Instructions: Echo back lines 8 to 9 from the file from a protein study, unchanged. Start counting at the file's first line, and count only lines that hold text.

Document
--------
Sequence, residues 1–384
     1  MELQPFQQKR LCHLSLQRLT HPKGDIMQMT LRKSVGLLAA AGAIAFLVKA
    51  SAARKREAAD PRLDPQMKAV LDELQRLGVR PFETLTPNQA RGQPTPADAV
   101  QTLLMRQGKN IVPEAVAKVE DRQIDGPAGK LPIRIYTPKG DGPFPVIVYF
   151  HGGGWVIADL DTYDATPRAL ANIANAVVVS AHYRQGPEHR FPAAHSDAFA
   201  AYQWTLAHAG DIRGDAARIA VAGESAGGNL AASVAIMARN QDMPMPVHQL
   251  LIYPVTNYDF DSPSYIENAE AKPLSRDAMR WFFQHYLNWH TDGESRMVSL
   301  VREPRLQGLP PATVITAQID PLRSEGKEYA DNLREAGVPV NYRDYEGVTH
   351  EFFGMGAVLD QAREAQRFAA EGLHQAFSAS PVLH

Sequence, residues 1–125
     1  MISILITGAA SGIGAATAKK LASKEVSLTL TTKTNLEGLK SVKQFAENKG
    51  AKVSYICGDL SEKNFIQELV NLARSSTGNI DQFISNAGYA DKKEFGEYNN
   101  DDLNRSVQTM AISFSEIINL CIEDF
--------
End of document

   301  VREPRLQGLP PATVITAQID PLRSEGKEYA DNLREAGVPV NYRDYEGVTH
   351  EFFGMGAVLD QAREAQRFAA EGLHQAFSAS PVLH